Opportunity Cost, The Nuggets’ Trade For Caldwell-Pope, And The Lakers’ Handling Of Horton-Tucker – Forbes
When the Denver Nuggets traded Monte Morris and Will Barton to the Washington Wizards for Kentavious … [+]
When the Denver Nuggets and their newly-elevated general manager Calvin Booth made their most impactful trade of the 2022 offseason, sending longtime stalwart guards Will Barton III and Monte Morris to the Washington Wizards for a “three-and-D” wing in Kentavious Caldwell-Pope and a third-string point guard in Ish Smith, the deal was mostly well-received around the league, with Denver receiving trade grades mostly in the B range from many national writers, and a favortable response from most fans.
Some others raised concerns that Denver may not have received enough in return for what they gave up by effectively trading two starting-caliber players for one starter and a deep bench guy, or pointed to the deal being a cost-cutting move designed to get the Nuggets under the luxury tax threshold (which it was not, as they’ll be firmly in tax territory this season and likely for years to come).
The general consensus seemed to be, “Yes, Denver giving up both Morris and Barton for KCP and Smith was probably an overpay, but one they needed to make for a badly-needed upgrade – especially defensively – at the starting shooting guard position.”
Looked at through the lens of another more recent trade, however, there’s a strong case to be made that the acquisition of Caldwell-Pope was likely just about the optimal use of their resources that the Nuggets could and should have, taking into account the larger context.
Just about any trade can make a bigger-than-usual splash in the NBA mediasphere during the current deep doldrums of the league’s offseason, and such was the case when it was reported by ESPN’s Adrian Wojnarowski last Thursday that the Los Angeles Lakers had come to terms on a deal sending Talen Horton-Tucker and Stanley Johnson to the Utah Jazz in exchange for Patrick Beverley.
As always, much of the trade talk centered around the merits of the deal itself. Will the addition of Beverley bolster a LeBron James-led Los Angeles team which has struggled since their championship in the 2020 NBA bubble? Can PatBev and Russell Westbrook, who have been beefing for years, peacefully coexist if the latter does not end up getting traded? Can Utah get more out of the 21-year-old Horton-Tucker that the Lakers were able to last season? And importantly, was it a good value trade for either side?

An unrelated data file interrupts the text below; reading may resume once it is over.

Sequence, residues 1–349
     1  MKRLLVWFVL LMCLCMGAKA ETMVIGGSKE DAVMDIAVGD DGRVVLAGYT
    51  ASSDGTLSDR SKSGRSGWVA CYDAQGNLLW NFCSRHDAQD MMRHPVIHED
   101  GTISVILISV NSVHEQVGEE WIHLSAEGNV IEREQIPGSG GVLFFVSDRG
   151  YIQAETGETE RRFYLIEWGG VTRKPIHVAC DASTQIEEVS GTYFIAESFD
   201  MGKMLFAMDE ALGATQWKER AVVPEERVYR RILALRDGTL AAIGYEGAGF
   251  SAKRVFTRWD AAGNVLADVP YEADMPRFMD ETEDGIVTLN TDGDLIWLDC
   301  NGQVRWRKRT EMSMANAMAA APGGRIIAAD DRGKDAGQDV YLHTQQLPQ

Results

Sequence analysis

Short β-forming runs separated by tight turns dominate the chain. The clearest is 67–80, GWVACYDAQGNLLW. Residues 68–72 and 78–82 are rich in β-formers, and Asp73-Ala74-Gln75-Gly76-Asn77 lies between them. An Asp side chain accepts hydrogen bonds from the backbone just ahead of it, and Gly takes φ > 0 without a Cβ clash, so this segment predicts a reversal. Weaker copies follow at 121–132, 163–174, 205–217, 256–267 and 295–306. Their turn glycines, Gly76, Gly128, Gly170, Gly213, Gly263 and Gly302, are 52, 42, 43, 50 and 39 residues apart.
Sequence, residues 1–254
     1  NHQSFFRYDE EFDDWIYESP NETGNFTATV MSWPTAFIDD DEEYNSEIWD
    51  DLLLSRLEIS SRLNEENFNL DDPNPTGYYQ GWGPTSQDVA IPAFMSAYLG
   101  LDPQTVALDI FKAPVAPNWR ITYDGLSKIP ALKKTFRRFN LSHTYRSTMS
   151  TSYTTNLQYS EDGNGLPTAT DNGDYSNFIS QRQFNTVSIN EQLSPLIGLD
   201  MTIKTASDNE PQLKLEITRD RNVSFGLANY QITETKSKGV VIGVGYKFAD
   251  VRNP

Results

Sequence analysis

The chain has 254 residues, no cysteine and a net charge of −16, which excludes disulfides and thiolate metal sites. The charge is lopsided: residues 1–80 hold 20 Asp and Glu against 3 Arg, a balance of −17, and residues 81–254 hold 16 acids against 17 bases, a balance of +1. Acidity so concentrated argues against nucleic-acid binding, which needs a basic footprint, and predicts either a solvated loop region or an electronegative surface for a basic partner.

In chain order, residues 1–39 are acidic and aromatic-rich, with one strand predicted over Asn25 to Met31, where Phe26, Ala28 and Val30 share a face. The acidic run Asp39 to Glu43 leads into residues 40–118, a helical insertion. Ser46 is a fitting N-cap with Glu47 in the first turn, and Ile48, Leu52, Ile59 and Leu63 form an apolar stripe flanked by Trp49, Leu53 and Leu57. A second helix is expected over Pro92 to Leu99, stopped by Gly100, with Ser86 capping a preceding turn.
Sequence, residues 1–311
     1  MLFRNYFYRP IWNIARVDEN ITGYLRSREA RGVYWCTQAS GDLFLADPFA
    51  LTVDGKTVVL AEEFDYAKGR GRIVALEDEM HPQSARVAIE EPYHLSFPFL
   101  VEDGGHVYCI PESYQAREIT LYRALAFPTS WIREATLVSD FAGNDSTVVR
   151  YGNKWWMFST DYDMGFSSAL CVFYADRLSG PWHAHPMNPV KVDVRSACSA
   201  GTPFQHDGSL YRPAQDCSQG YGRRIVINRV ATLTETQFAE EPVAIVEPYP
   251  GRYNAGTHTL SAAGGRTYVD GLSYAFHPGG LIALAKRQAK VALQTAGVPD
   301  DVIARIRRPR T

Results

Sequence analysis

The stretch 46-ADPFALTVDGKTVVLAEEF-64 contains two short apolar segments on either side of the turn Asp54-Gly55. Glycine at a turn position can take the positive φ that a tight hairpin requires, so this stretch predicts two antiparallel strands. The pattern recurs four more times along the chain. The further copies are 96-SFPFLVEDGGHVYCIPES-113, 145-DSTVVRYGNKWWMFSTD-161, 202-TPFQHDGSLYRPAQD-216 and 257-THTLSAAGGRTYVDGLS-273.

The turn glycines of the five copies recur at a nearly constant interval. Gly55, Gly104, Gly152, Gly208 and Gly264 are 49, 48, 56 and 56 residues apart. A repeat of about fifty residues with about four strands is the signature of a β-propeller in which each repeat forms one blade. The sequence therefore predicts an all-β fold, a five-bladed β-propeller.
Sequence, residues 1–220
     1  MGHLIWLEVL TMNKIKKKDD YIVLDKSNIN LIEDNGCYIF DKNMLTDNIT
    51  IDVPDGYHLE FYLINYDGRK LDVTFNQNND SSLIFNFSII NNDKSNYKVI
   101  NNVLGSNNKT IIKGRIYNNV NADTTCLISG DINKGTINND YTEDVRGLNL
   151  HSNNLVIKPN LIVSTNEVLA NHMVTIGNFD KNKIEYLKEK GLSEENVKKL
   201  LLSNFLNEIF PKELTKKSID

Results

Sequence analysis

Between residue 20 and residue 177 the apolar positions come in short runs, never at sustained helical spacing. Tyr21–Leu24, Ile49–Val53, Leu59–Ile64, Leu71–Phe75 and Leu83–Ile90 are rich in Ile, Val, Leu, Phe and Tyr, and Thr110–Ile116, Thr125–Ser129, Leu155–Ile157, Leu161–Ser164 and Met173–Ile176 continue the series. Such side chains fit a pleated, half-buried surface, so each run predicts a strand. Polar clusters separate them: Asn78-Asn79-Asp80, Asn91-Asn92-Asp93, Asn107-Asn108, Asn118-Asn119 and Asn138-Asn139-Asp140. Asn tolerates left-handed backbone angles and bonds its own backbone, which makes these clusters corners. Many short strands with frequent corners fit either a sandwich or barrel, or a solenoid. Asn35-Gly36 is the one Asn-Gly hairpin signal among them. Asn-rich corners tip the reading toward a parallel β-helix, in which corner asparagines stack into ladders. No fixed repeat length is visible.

But the aspect of the situation which got the most buzz on NBA Twitter had less to do with this particular trade itself, and more with the seemingly plummeting arc of THT’s
Fast forward five months later, and the Miami Heat won the offseason bidding war for Lowry, leaving the Lakers to settle on a deal with the Washington Wizards for Russell Westbrook. And the rest has been a fairly disastrous history for Los Angeles ever since.
Although it seems highly unlikely that solely acquiring Lowry would have been the over-the-hump move to vault a Lakers team that did not even make the play-in tournament last season into legitimate championship contention, their season at a minimum almost certainly would have fared better, and – the salient detail for our purposes here – they would have redeemed a greater haul for Horton-Tucker (packaged with other players a Lowry deal would have necessitated, including, somewhat coincidentally, Caldwell-Pope) than they in fact ultimately got in Beverley.
The Lakers’ handling of Horton-Tucker has quickly become one of the more clear and striking examples of bungled asset management in recent NBA history, with the criticism hyped and intensified by that bright Los Angeles spotlight. And the most critical aspect of the missteps made by Lakers general manager Rob Pelinka and his front office can largely be boiled down to one concept: opportunity cost.
Investopedia defines opportunity cost alternately as “the potential benefits that [one] misses out on when choosing one alternative over another,” and “the forgone benefit that would have been derived from an option not chosen.” Both of these are apt descriptions of the Lakers’ prioritizing retaining Horton-Tucker over acquiring Lowry, a point driven home acutely by just how far from untouchable THT proved to be for Los Angeles just a year and a half later.
Again, getting Lowry would clearly not have been a magical cure-all for Los Angeles. And in fairness, there were legitimate mitigating concerns about his age (on the cusp of turning 35 just after the 2021 trade deadline) and impending salary (he was on an expiring $30 million contract and in for a big payday after that, which the Heat delivered on in the form of a three-year, $85 million deal). And as many teams can with young, developing players (see: the Nuggets and Emmanuel Mudiay), the Lakers became deeply invested in the concept of THT as their most promising future prospect, a trap that’s easy for execs to fall into when these guys are concretely right in front of their eyes in the gym, while the true value of opportunity cost tends to be much more abstruse.